Training tips (they never tell you about)

Accidental Ironman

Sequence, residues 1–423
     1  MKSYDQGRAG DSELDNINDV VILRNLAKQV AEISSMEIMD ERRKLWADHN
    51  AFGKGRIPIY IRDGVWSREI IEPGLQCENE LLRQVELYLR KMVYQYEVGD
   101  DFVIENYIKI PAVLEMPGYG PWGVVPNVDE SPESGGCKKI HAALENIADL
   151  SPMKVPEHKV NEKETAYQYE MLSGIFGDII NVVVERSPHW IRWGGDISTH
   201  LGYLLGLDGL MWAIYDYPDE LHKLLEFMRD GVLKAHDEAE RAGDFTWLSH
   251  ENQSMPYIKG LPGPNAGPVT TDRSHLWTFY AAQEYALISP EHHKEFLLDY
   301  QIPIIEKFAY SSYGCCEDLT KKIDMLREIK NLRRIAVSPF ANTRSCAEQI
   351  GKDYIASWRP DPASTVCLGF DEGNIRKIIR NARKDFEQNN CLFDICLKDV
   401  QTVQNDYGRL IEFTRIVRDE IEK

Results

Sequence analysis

At one point I wrote 20% of a book about training for an Ironman triathlon. I liked the name, Accidental Ironman and even bought a web site to host it. Of course I never really went anywhere with it. That said… over the years I have learned some things about training for an event. Sure, sure, there are tons of sites out there with this information. The difference: I am not an athlete. I am a normal guy who has managed somehow to push myself over the finish line. I will try to keep track of more of these, but here is a brain dump from the book.Training tips (they never tell you about)Over the years of training I have gained some knowledge and a tiny bit of wisdom. Like many new athletes I have read magazines and books. I have talked with running and cycling shop owners. I have talked with other athletes. There is a lot of lore out there that people forget about or are too polite to talk about. Here is a brief look at some of the things I have learned over the years.Chafing is badNo one tells you this before you start jogging. You go for a one mile run. Maybe you run two miles. But sooner or later, at some distance, you will get chafed. It happens in different places to different people. I tend towards inner thigh chafing. I have seen other people with underarm chafing.What’s a little chafing? It’s not like you’re actually bleeding, right? Sort of. Imagine walking several miles with sandpaper in your shorts. While the pain starts small after a short time you will do anything to avoid you skin touching anything.You can avoid chafing to some degree by wearing the right clothes. You can also use lubricants but they all suffer in one way or another. For instance petroleum jelly is great, it rarely rubs off and doesn’t smell. It will stain your clothes though; it can be tough to explain why your shorts always have “wet spots”.Nipples are the worstOf all forms of chafing, nipple chafing is the worst. You need to run further to get chafed nipples. It can help to wear cotton if you want to try this out. Rain or excessive sweating can bring this nightmare on.The first time this happens it’s no big deal, you can feel a little chafing on your chest. No problem. You get home, jump in the shower, and… SCREAM! And I mean scream. The water hits your chest and the pain is excruciating. Wow.The second time this happens you’re nervous. You know to dread the shower, but you’re several miles from home. Weird, why are these passersby all looking at me? What’s that? I have blood all over my shirt? Oh dear lord, I’ve managed to saw off my nipples! The pain in the shower is bad, the fact that your nipple scabs stick to your shirt is worse.Running in the rainThere are few things as mixed as running in the rain. You can count on your feet getting wet. They sell gore-tex socks, I can’t imagine they can hold up to the abuse of running. One of the first lessons in running is that synthetic socks are essential. Cotton gets wet and will cause blisters. You simply need a decent running sock.Legs are easy; they don’t tend to get cold so you can where a variety of clothing. Headgear is essential to keep the pattering drops from driving you crazy. Gloves are nice if it’s really cold.The hardest decision is what to wear on the torso. Sure, you need a shirt. But the key question, do you wear a rain jacket or not? I have yet to find any rain jacket that doesn’t get soaked one way or the other. Either it isn’t water-proof so it fails that way or it is water-proof and the sweat collects and soaks you that way. Sort of a “you-pick ’em”But running in the rain is nice too. You don’t tend to overheat. Most people like to stay home so you have the roads to yourself.Running with a dogWe have a Labrador mutt. He always wanted to run. Unfortunately Bricin has an aggression problem; anything on four legs is an enemy to be killed. When we picked him up from the shelter we figured we’d cure him, we were nice people. Nope, the stupid dog never did learn to relax. Most of the time he was a good running companion. He was always eager to go. Some mornings I’d run with him for 8 miles and then Susan would run with him for another 6.It was a challenge though. When Bricin saw any other creature he’d ferociously go after it. If you had the leash on your hand or arm, you’d dislocate it as he yanked. I finally learned to tie the leash around my waist. He could still pull me out of my path but my 200 pounds was too much for his 85.Synthetic fabric is kingSynthetic fabric is key — inevitably when you start running you will pull on some old gym shorts, maybe a t-shirt, and an old pair of shoes that you bought because they looked cool. That works okay if you’re either young enough that none of your body parts flaps around or if you simply aren’t going very far.But beyond a certain distance cotton will cause chafing. You won’t notice at first. Maybe you’ll feel the skin around your arms getting a little rubbed, but you’ll keep running. Finally you’ll feel the sweat hitting the raw abrasion and ouch, it’s too late, you’re chafed. This can also happen with thighs rubbing together. And it can hit in your crotch-related-areas. Let me tell you from loads of experience that there is nothing worse than being several miles from home and suddenly realizing that if you never rub your legs together again it will too soon. Now you need to effect a splayed-leg wobble all the way home.Perhaps the worst chafing you can experience is while running in the rain. This doesn’t seem to affect women often, but men, after having their soaking shirts move around for enough time, will effectively saw their nipples off.Like sun screen on chafed flesh, you can make nipple-bleed even worse. Often the bleeding isn’t that bad and in the fog of pain from a long run you can miss it entirely. But then you step into the shower and “oh god oh god, get that off me, oh f*ck”. You cannot turn the water off quickly enough. You learn that Vaseline is a good thing. After that you learn that Vaseline leaves two grease marks on shirts so all of the shirts you’re wearing look like you’ve been breast-feeding.Car drivers are idiots — you soon learn that all drivers are fools and when they’re not fools they are knaves. Cars are the enemy. Living in Seattle it’s better than many places as it’s a fairly pedestrian-friendly town. Nevertheless I have lost count of the number of hostile drivers I have encountered. This includes people who honk when you’re crossing the street. It includes people who get angry because you’re in the cross-walk with the signal being “Walk”. It includes the people who yell out of their windows for no apparent reason.The jerks are a minority. The vast majority of drivers are simply clueless. They never stop at stop lines, they barrel through to the corner because, well, no one should be walking on the sidewalk, right? And if the driver is turning right and therefore looking left at oncoming traffic why would you ever think to look right? Probably no runner there, or no woman pushing a baby-stroller. Nope, just barrel on through.You can of course turn a clueless idiot into a jerk by having the temerity to shout at them. Or kick their car. Or throw pebbles onto their windshields. I don’t recommend this by the way, I’ve been told numerous times that someone is going to take offense sometime. True enough. But damn, where did these people learn to drive? I’ve had cars cut me off, then flip me off when I yelled, all in front of a police officer who stood by and did nothing.They tell you to run defensively, to assume that the driver never sees you. That’s wrong. Pretend that the driver does see you and is actively trying to hit you. That tends to be true more often than not.Talking the TalkOne odd part about becoming an endurance athlete is talking with others of your ilk. Earlier in life I can’t imagine talking to someone about the state of my intestines while on a run. I couldn’t talk about what foods I ate in the morning to make sure I could survive the entire run. But suddenly, after protecting your bathroom habits your whole life